Keolis-Netexplo "digital mobility” observatory

A shared challenge, using digital technology to facilitate public transport
The "Digimobility" Observatory is the story of a very surprising and fruitful partnership established in 2015 between public passenger transport group Keolis and Netexplo, the world digital technologies observation network.

Keolis and Netexplo were made to get together. A leading world player in the field of public passenger transport, the Keolis group has one over-riding interest: to observe passenger behavior and analyze city-dwellers' lifestyles to offer services ever more closely adapted to their travel and commuting needs. The independent observatory Netexplo, digital innovation-seeker, has a genuine obsession: to track the new digital technologies, like Twitter and Shazam yesterday or Blockchain today, that are likely to radically transform the lives of their users and, by extension, impact the economy and change society as a whole. Keolis and Netexplo are guided by the same philosophy: to satisfy passengers and citizens, whom they place at the very heart of their services strategy. 

Two methods, a single objective

In 2008, Keolis created its own tool of analysis, Keoscopies, to study city-dwellers' lifestyles and behavior - not only in connection with commuting or travelling - with the aim of improving its range of transport services. This observatory based on national and regional studies but also on collection of data and mobile traces, challenged preconceived ideas such as the proportion of passengers in difficult situations, well beyond just those dealing with reduced mobility, or the diversity of user profiles, including for each individual depending on their physical condition, the type of activity undertaken and their environment, for instance. A goldmine of information for reorganizing Keolis's transport offering, in line both with major trends and changes in society and urban areas, and customers' actual needs.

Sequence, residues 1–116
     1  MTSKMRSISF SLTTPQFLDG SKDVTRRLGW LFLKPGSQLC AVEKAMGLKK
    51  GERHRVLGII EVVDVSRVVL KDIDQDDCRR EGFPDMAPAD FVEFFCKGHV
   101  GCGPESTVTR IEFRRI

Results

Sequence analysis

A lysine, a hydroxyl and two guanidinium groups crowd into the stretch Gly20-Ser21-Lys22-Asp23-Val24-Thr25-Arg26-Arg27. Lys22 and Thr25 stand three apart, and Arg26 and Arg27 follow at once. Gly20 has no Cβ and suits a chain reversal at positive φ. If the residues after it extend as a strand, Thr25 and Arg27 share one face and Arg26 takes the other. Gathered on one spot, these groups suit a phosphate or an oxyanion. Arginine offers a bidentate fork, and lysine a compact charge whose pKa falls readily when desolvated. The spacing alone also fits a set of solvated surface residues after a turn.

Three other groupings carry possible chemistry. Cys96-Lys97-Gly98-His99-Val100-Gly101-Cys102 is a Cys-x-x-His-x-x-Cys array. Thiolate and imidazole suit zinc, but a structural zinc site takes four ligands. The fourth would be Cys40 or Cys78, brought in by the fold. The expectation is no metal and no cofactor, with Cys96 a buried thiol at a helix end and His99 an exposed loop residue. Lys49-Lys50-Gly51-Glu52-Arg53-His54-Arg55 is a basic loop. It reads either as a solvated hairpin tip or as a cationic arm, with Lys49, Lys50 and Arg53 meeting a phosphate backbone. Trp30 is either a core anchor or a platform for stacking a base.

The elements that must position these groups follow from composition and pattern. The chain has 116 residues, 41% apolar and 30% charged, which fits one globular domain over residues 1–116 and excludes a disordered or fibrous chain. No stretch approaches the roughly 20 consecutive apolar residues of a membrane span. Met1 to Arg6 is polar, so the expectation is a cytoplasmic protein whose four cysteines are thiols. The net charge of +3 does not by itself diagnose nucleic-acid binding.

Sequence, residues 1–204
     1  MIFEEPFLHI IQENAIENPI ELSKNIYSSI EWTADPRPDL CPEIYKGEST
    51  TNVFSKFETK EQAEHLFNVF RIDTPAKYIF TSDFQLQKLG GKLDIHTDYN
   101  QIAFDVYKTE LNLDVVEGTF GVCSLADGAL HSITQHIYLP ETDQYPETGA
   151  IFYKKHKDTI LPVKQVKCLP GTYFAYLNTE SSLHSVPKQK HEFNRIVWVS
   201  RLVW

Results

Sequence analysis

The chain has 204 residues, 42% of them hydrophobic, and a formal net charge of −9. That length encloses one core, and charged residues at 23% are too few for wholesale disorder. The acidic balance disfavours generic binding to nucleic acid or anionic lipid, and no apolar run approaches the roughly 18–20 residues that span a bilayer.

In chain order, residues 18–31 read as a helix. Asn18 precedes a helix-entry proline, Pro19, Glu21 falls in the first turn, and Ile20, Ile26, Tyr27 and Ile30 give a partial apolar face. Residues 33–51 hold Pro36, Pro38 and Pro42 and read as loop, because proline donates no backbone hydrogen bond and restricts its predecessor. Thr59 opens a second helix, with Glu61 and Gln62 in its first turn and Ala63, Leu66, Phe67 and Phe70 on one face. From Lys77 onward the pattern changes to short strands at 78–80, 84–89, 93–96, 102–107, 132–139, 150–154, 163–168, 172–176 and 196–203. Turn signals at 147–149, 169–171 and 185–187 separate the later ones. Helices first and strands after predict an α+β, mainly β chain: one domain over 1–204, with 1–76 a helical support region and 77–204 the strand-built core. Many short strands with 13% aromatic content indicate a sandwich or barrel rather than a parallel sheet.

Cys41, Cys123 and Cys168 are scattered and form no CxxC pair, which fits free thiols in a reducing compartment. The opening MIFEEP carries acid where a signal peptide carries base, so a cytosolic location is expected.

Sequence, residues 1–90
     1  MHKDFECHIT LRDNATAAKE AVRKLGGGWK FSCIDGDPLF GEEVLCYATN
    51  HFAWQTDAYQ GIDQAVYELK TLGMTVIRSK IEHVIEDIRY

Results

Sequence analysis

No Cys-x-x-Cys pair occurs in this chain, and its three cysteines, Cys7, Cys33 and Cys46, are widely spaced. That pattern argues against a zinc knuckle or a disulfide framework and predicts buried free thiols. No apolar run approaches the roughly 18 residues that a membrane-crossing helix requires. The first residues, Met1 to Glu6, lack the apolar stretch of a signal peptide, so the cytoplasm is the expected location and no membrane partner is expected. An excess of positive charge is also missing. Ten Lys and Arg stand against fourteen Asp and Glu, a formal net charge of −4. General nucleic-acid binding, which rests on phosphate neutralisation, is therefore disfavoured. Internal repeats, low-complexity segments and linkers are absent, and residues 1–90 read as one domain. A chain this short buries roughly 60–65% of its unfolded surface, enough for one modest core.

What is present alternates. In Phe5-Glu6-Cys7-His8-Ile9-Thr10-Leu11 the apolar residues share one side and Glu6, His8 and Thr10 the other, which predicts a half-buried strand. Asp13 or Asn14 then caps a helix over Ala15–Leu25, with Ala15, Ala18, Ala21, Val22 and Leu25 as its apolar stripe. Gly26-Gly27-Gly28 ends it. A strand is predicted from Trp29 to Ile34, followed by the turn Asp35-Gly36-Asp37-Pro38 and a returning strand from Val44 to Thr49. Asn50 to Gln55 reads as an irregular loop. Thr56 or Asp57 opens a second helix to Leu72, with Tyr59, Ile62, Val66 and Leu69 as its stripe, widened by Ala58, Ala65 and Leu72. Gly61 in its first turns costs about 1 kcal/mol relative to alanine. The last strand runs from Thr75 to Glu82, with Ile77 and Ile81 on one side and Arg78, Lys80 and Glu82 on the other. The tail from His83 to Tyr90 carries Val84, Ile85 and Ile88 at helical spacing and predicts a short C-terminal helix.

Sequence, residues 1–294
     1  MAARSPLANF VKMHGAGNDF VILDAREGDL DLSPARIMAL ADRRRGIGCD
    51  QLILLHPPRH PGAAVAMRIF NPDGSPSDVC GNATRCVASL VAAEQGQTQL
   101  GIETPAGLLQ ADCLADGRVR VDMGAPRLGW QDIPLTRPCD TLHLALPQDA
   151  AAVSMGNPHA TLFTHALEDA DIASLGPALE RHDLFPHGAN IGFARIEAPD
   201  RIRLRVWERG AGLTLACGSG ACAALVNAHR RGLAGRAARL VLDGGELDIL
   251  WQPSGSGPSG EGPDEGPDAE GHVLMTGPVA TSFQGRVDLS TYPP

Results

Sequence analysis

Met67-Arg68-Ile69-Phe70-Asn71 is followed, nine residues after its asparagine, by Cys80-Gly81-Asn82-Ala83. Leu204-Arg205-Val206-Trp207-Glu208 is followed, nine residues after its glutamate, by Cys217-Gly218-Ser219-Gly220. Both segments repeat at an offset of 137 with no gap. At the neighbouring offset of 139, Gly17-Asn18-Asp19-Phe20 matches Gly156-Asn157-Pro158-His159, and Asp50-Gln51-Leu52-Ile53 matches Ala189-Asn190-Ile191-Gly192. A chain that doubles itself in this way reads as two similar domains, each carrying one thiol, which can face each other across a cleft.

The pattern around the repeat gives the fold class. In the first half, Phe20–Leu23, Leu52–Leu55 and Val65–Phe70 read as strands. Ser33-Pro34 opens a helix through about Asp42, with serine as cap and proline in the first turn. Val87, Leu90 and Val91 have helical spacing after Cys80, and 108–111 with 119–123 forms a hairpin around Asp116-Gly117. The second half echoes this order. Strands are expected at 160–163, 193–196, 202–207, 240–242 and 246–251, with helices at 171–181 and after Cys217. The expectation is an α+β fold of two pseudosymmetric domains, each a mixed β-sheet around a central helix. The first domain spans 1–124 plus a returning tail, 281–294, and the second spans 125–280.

Since 2007, Netexplo has been building up a network of experts across the world. Their specialists in IT, digital marketing, management and design work in the most prestigious colleges, universities and research centers (MIT, Stanford, HEC, Indian Institute of Technology, among others) to track the thousands of applications emerging at all points of the globe every year, and select the most promising - the ones that can really facilitate the everyday lives of city-dwellers. A huge forum organized at UNESCO every year distinguishes the 100 best innovations and rewards the top ten. The association between Keolis and Netexplo brings together mobility and the digital sphere. It uses a common reference system – sociology - so as better to analyze city-dwellers' lifestyles, behavior and use of the new digital technologies.

Responding to the challenges of smart cities

TTheir common creed? Transport is not just about managing passenger flows but about individuals and lifestyles, while the digital sphere is not just about technology but primarily about practices.  
Their shared objective? To create a Digital Mobility (or Digimobility) Observatory by cross-referencing the information drawn from Keoscopies studies and the research findings of Netexplo researchers, with the aim of improving quality of life for city-dwellers. An initiative that must lead on to concrete solutions to invent the mobility of tomorrow.  


240
That's the number of Smart Cities in Europe

To better anticipate the digital revolution and meet the challenges of the smart cities of tomorrow, Keolis has taken the logical step of working with a specialist in digital practices, i.e. Netexplo.

In return, Netexplo has benefitted from the expertise and the data collected by Keolis in the field of mobility, where digital technologies are seeing very strong development. Indeed, a transport player such as Keolis is one of the leading producers – if not the leading producer – of data in the city, for a given urban area.

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